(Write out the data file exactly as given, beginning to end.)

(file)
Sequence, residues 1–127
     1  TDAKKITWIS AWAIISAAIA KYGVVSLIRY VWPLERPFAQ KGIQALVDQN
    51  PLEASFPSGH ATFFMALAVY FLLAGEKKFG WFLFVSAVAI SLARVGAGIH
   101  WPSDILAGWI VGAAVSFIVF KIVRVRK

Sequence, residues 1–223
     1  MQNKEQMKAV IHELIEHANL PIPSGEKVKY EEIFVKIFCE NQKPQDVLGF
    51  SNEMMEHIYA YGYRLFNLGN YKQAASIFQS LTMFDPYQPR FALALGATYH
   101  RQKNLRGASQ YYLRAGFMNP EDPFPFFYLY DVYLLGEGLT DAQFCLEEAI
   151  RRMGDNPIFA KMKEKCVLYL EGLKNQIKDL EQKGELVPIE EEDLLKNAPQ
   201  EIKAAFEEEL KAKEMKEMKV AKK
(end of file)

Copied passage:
Sequence, residues 1–127
     1  TDAKKITWIS AWAIISAAIA KYGVVSLIRY VWPLERPFAQ KGIQALVDQN
    51  PLEASFPSGH ATFFMALAVY FLLAGEKKFG WFLFVSAVAI SLARVGAGIH
   101  WPSDILAGWI VGAAVSFIVF KIVRVRK

Sequence, residues 1–223
     1  MQNKEQMKAV IHELIEHANL PIPSGEKVKY EEIFVKIFCE NQKPQDVLGF
    51  SNEMMEHIYA YGYRLFNLGN YKQAASIFQS LTMFDPYQPR FALALGATYH
   101  RQKNLRGASQ YYLRAGFMNP EDPFPFFYLY DVYLLGEGLT DAQFCLEEAI
   151  RRMGDNPIFA KMKEKCVLYL EGLKNQIKDL EQKGELVPIE EEDLLKNAPQ
   201  EIKAAFEEEL KAKEMKEMKV AKK